The WHO has been warning for years that antimicrobial resistance, caused to a large extent by the abusive and inappropriate use of antibiotics, represents one of the greatest global threats to public health. In a recent study, this body warns of levels of resistance to drugs of up to 60% in certain bacteria and predicts that the infections produced for this reason will be the cause of 10 million deaths a year in 2050. According to a study published on last November in the magazine The Lancet, one in eight deaths worldwide in 2019 was related to bacterial infections.

In the hospital environment, the implementation of multidisciplinary teams to control the consumption of antibiotics and thus prevent the proliferation of resistant microorganisms has become widespread. However, these programs have not yet reached social health centers. The specialists from the HUC Microbiology service emphasize that none of the fourteen residences in the study had a specific action protocol to monitor and prevent the transmission of multi-resistant bacteria to anti-infection drugs.

The ministries of Health, Agriculture, Fisheries and Food and Ecological Transition and Demographic Challenge published the third National Plan against Antibiotic Resistance (PRAN) in September. In the section on social health centers, this document recalls that in 2019 a specific working group was created to address the optimization of antibiotics in residences. However, due to the outbreak of the Covid-19 pandemic, its activity was interrupted. For the next two years, the plan sets as its objective the development of a “framework document” that includes an analysis of the situation of social health centers, a block dedicated to the prevention of infections and another to the implementation of programs to optimize use. of antibiotics.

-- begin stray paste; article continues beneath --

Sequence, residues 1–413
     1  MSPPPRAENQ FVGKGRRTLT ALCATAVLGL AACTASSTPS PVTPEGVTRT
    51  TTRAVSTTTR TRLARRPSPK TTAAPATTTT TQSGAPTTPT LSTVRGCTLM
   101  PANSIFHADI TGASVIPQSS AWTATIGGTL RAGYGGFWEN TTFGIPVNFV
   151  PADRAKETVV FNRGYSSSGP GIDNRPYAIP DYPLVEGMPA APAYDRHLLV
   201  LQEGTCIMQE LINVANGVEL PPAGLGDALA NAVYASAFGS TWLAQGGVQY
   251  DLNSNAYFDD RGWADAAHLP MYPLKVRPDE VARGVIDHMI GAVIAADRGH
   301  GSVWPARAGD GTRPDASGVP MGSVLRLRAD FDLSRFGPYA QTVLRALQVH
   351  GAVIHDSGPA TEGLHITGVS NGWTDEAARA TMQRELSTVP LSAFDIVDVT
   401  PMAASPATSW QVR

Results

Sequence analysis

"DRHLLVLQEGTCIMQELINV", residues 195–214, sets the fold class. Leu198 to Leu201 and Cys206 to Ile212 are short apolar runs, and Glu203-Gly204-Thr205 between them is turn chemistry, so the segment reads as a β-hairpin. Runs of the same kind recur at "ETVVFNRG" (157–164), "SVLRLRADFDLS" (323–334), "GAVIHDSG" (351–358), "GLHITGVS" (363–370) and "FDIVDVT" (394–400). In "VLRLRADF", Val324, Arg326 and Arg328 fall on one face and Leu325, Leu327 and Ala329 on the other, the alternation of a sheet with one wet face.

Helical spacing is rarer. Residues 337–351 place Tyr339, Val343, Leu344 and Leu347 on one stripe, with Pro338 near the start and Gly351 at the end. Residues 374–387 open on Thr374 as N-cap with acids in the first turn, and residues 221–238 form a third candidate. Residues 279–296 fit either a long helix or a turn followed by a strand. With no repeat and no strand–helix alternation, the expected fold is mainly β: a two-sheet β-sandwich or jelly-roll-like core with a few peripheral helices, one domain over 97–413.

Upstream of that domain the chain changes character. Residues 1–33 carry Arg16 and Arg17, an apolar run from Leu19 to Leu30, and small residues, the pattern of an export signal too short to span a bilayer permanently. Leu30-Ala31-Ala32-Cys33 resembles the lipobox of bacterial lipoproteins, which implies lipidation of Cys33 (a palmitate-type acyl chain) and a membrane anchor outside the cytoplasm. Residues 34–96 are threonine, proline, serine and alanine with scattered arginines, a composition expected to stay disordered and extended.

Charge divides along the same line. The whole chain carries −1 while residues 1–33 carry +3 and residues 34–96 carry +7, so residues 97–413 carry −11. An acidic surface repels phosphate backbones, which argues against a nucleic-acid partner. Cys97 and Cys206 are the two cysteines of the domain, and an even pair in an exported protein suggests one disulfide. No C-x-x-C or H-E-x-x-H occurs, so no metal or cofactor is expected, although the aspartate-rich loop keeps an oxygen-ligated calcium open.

“Important reservoirs”

In recently published research, HUC microbiologists emphasize that the increase in life expectancy and the consequent aging of the population have made residences an “essential” element of the health system. The results of the study confirm the “high prevalence” of colonization of resistant microorganisms in social health centers in the north of Tenerife and, therefore, confirm the thesis that these environments are established as “important reservoirs” of superbugs and a factor of risk for its transmission and, ultimately, for public health.

The residences care for users with chronic illnesses, people with disabilities and the elderly who, in a high percentage, have multiple pathologies. Therefore, the movement between these centers and hospitals is continuous and this fact “facilitates the propagation and maintenance” of the bacteria. For Lecuona, the data obtained show that they are a population at risk and, therefore, susceptible to undergoing a colonization screening for multi-resistant bacteria at the time of hospital admission to “be able to detect positive cases, isolate them and treat them”. “It is absolutely impossible to screen all the patients who enter, we have to focus on the most vulnerable, which is where the most infections will occur,” adds the director of the research project.